The Network for Greening the Financial System (NGFS) published it’s 2019 annual report. Frank Elderson (Executive Director De Nederlandsche Bank, DNB) is chair of the NGFS and gives this introduction to the annual report:
The Central Banks and Supervisors Network for Greening the Financial System (NGFS) was launched in December 2017, at the One Planet Summit in Paris. In 2019, we focused our work on confirming the various expectations created by the solid foundations the NGFS members collectively laid in 2018, in particular following the publication of the first NGFS progress report in October 2018. In many ways, this challenge has been taken up.
Let’s first focus on the stunning growth in our membership. At the end of 2018, the NGFS consisted of 24 members and 5 observers. In the space of one year, this more than doubled, as we had 54 members and 12 observers at the end of 2019. The new members and observers of the NGFS all contribute to making the Network a truly global endeavour.
In 2019, the NGFS released three publications. We published our first comprehensive A call for action report in April 2019. The report sets out six recommendations and provides a roadmap for central banks, supervisors and all relevant stakeholders to take action for greening the financial system. In July 2019, we released a technical supplement to our comprehensive report that presents the work done to date to model the impact of climate change on the economy and financial system. Our most recent publication, A sustainable and responsible investment guide for central banks’ portfolio management, was published in October 2019, on the occasion of the Annual Meetings of the International Monetary Fund and World Bank Group. The guide, which follows up on recommendation No. 2 of the comprehensive report, highlights the NGFS’ unique role in better equipping our community of central bankers to lead by example and to quite literally put our money where our mouth is.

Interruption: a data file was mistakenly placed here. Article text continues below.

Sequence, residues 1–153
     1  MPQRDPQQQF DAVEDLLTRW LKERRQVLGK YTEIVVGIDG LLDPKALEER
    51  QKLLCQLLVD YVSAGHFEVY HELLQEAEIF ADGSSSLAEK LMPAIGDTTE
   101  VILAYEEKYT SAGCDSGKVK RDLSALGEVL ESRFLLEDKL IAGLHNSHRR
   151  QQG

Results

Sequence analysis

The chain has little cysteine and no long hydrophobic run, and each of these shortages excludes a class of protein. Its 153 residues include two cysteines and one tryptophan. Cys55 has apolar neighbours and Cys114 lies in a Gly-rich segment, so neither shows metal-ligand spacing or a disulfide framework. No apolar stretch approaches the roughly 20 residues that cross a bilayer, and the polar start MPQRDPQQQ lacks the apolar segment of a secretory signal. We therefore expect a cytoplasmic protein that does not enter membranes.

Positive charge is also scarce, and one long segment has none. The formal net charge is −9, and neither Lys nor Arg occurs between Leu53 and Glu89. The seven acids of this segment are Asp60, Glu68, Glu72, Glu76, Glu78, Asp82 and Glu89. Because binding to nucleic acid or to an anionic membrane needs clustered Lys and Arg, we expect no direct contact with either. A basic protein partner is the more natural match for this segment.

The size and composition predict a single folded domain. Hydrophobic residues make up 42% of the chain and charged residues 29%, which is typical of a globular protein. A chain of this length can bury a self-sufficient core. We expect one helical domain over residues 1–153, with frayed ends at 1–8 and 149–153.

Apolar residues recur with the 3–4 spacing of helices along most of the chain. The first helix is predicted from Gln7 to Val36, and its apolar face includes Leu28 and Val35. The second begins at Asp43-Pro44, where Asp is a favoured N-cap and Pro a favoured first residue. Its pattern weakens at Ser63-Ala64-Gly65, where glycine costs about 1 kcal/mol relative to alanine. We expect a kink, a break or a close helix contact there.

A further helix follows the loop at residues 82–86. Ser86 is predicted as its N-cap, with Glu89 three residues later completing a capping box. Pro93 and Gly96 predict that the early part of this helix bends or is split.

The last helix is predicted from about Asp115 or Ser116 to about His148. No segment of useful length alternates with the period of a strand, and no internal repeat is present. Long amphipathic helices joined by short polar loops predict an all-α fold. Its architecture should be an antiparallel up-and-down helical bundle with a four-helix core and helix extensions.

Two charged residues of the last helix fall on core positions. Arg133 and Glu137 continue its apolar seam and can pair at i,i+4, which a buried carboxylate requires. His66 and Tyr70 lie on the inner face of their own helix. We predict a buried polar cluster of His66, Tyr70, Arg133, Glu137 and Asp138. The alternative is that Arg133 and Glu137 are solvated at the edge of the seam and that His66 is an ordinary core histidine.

The last year has seen a range of events hosted by NGFS members across the globe – from Budapest, Helsinki, Kuala Lumpur, London, Mexico City, and Paris to Rabat, Sydney and many more. NGFS members have also participated in many other events, including the COP25 in Madrid, to present and discuss the work of the Network. Building awareness and intellectual capacity, sharing knowledge and exchanging views is exactly what we need and is in line with recommendation No. 4 of the comprehensive report.
In 2019, I travelled to the United States several times to present the work of the NGFS. In September 2019, I spoke at the United Nations and the Bloomberg Global Business Forum during the United Nations Climate Week, and in November 2019, at the Conference The Economics of Climate Change hosted by the Federal Reserve Bank of San Fransisco. Also in October 2019, together with NGFS representatives from the Banque de France, the Deutsche Bundesbank and Norges Bank, we presented the work of the Network and other national initiatives at the US Senate Democrats’ Special Committee on the Climate Crisis.
Looking ahead to the year to come and keeping in mind our ability to deliver on our commitments, 2020 will certainly be another decisive year. Indeed, we still have a lot of work to do and the NGFS is planning to release in the short term a number of documents in particular on scenario analysis, supervision practices as well as a status report on financial institutions practices regarding climate-related financial risks. Currently, the corona virus and its consequences seem to overshadow everything else and, no doubt, they require coordinated action. However, even in this crisis, we should not lose sight of the fact that climate change stays an urgent and vital issue. Hence, the NGFS members’ strong response to continue their collective contribution tothe greening of the financial system is key. The greener the recovery from the current crisis is, the better,